David Schwartz in his book “The Magic of Thinking Big” says, “We must be willing to make an intelligent compromise with perfection lest we wait forever before taking action.” No other time has this been more relevant than in the business world of the 21st Century.  The entrepreneur of today must seek perfection – a perfect product, perfect service for their customers, perfect working relationships with their employees and coworkers, and a perfect model for production, sales, and delivery.

This is a worthy goal, as Vince Lombardi says, “Perfection is unattainable, but if we chase perfection, we can catch excellence.” Schwartz’s phrase, “an intelligent compromise with perfection” is something that we should use to stay out of the pit of frustration that so many business owners can fall into. In this article, we will share some principles that anyone can apply in our search of perfection, so that we can “catch excellence.”

1.) A “fair” idea acted upon, and developed, is 100% better than a terrific idea that dies because it isn’t followed up on.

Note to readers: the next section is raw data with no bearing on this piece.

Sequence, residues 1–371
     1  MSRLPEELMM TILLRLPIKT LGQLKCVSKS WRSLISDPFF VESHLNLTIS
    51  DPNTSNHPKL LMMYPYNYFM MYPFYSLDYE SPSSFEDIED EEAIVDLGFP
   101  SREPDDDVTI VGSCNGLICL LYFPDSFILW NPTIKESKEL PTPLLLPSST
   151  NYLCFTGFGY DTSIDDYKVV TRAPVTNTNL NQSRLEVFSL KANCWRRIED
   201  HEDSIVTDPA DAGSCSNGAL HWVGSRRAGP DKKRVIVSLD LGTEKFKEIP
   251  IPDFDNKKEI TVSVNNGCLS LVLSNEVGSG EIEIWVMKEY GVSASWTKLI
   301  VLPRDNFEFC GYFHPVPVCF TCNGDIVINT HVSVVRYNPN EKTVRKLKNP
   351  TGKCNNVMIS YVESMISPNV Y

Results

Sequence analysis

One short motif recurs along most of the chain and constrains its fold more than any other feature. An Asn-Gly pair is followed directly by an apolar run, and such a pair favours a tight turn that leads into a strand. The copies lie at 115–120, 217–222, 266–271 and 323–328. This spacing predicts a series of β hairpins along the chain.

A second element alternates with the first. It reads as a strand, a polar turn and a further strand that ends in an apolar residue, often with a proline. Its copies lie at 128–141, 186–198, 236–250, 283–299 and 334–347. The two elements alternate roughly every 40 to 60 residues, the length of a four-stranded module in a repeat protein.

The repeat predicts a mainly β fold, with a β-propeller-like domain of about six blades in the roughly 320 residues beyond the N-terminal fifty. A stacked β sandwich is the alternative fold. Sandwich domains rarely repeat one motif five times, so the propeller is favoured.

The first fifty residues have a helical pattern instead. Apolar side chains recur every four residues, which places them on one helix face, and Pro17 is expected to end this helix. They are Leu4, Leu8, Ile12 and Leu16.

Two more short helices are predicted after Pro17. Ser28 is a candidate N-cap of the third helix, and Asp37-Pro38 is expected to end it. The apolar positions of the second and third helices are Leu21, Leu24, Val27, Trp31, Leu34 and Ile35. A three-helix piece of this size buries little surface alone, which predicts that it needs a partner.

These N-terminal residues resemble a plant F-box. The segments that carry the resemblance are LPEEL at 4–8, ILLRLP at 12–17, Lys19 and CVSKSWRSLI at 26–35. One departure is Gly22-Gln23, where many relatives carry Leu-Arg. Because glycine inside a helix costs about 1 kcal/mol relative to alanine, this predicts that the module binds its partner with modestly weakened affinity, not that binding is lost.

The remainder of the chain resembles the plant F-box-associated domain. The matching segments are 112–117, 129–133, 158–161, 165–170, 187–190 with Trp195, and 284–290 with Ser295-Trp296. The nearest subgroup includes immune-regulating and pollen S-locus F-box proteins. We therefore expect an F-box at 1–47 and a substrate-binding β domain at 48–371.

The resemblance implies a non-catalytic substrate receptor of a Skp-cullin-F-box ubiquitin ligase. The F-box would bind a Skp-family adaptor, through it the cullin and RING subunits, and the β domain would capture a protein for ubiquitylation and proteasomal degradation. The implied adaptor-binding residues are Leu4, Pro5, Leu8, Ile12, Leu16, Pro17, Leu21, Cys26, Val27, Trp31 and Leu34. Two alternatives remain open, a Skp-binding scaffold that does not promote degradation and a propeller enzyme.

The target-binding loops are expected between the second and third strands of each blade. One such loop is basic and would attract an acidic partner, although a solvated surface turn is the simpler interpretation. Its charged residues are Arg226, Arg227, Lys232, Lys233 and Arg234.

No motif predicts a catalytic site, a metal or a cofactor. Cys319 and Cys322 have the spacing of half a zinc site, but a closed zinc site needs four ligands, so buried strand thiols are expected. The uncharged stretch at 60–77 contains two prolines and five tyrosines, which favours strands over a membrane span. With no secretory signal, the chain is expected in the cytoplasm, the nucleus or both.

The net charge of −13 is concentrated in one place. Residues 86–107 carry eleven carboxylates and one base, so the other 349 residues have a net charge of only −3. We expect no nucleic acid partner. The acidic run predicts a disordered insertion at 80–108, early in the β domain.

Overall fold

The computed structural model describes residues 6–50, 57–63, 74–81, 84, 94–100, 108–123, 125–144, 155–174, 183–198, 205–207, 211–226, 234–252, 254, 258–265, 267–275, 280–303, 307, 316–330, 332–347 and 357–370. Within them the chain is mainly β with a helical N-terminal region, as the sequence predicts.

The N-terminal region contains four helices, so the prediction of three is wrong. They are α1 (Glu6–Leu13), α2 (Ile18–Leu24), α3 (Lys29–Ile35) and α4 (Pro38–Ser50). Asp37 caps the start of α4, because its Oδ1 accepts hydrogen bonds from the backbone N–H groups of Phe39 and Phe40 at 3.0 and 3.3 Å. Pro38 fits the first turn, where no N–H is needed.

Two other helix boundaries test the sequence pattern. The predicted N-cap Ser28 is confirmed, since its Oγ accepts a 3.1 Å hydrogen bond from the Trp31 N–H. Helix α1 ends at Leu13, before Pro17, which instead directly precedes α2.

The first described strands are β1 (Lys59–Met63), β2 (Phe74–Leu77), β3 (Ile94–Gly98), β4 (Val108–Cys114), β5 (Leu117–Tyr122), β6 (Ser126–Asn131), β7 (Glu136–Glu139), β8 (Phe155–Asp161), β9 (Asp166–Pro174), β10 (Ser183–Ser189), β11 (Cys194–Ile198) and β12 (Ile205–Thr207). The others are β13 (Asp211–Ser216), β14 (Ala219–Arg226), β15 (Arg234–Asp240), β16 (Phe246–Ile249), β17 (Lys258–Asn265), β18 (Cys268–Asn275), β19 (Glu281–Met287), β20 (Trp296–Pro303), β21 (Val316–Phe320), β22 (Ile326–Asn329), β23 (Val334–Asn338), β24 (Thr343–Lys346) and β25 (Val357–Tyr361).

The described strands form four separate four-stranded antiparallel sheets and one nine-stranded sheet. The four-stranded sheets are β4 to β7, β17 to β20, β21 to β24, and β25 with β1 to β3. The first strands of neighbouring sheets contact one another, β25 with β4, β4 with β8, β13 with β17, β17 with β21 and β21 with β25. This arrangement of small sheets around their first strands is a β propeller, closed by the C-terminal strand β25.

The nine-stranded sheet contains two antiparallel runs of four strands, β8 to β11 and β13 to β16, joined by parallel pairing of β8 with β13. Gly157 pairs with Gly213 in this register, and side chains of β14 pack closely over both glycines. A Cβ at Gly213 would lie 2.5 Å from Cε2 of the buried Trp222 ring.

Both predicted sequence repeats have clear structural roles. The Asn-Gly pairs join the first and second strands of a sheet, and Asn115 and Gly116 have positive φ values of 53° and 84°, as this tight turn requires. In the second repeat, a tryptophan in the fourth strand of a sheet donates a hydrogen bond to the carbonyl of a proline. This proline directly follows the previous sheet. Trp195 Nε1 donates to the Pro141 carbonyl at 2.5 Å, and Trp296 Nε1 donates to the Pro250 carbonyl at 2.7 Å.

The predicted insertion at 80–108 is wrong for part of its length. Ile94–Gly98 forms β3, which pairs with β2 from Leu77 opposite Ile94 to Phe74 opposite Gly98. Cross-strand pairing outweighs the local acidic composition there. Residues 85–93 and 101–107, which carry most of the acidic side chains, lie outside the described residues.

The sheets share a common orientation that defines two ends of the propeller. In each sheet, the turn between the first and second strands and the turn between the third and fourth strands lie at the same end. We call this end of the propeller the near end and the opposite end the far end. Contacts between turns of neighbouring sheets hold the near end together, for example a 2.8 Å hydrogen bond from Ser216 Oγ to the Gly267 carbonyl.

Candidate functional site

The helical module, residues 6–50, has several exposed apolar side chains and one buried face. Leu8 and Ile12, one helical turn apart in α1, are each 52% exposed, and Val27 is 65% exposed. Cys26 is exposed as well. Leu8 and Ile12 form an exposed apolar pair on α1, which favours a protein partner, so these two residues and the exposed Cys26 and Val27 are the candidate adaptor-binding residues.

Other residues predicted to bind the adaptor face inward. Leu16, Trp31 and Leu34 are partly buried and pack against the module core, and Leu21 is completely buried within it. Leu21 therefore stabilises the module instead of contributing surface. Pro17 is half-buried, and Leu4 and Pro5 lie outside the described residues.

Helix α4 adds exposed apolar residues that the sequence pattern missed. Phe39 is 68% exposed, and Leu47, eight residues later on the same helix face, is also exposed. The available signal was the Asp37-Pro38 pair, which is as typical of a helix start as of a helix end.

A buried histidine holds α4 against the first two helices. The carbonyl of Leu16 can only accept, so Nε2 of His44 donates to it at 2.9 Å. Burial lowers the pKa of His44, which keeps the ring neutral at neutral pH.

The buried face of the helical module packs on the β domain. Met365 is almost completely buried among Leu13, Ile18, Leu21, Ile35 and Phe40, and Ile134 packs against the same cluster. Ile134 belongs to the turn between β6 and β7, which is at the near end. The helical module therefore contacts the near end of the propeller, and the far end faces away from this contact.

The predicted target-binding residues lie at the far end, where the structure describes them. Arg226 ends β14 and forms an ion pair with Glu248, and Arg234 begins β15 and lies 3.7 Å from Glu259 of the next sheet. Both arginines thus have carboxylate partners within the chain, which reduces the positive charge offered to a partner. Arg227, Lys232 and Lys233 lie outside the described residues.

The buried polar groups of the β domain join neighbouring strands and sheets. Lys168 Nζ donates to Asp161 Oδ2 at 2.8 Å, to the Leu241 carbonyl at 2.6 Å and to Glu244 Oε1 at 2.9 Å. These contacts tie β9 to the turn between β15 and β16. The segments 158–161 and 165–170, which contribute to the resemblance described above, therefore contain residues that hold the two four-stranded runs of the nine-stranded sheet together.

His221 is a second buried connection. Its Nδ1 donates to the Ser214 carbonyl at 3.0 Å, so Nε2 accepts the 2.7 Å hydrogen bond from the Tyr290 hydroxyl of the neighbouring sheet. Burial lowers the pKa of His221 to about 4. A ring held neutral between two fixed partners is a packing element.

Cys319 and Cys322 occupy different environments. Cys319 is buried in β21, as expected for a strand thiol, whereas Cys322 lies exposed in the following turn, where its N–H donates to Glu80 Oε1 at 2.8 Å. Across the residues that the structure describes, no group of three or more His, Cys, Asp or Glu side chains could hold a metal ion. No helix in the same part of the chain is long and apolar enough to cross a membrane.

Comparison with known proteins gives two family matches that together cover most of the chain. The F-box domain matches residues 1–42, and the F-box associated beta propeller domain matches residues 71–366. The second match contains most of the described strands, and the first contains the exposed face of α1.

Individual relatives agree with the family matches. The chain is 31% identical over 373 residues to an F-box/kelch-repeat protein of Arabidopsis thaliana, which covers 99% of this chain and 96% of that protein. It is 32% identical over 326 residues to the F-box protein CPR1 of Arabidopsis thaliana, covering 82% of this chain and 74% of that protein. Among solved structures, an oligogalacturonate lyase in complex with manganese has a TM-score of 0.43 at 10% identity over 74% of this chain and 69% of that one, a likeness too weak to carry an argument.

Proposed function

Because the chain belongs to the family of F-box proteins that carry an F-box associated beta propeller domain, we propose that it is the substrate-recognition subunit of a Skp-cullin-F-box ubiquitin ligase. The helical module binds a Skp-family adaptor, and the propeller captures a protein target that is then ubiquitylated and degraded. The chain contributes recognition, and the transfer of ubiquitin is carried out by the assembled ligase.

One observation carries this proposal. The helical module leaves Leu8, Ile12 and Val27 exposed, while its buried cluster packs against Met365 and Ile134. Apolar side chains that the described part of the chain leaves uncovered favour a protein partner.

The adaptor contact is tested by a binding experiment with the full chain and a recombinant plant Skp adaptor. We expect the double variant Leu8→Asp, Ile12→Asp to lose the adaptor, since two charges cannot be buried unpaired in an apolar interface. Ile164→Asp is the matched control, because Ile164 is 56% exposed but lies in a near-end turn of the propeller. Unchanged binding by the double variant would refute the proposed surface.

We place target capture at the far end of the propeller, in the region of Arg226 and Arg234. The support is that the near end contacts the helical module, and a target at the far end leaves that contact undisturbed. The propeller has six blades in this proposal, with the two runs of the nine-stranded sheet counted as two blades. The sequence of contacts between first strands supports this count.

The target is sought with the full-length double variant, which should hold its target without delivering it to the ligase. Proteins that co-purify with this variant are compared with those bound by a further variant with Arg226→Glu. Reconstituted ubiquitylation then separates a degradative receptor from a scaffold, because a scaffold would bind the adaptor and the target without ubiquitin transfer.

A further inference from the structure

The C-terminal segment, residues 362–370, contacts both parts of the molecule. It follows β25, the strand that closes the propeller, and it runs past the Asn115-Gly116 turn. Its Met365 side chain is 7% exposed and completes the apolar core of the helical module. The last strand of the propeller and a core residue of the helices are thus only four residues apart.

Action is what sets performers ahead of “idea people.”  While thought-time is vitally important to an entrepreneur, we must get in the action habit. It’s been said that the largest square-foot area that contains the most talent is the graveyard, because so many people go to the grave with great ideas still inside of them.  If we want to set our company apart from the others, we must be known as people of action.

2.) The test of a successful entrepreneur is not an ability to eliminate all problems before they arise, but to meet and work out difficulties when they do arise.

There will always – always – be rain.  There will always be unforeseen circumstances, people problems, product crashes, environmental shifts in the business world, and personal issues that will come up. As this principle states, your goal should not be to eliminate these things from occurring – you don’t have that much power, to create perfection that way. Instead, as Chris Brady and Orrin Woodward talk about in one of their podcasts, you must control the controllable.  When – not if – things get in your way, how long will you stay stirring and steaming “under the circumstances,” and how quickly will you push on and push over?

3.) If someone can do something 80% as well as you can, allow them to do it.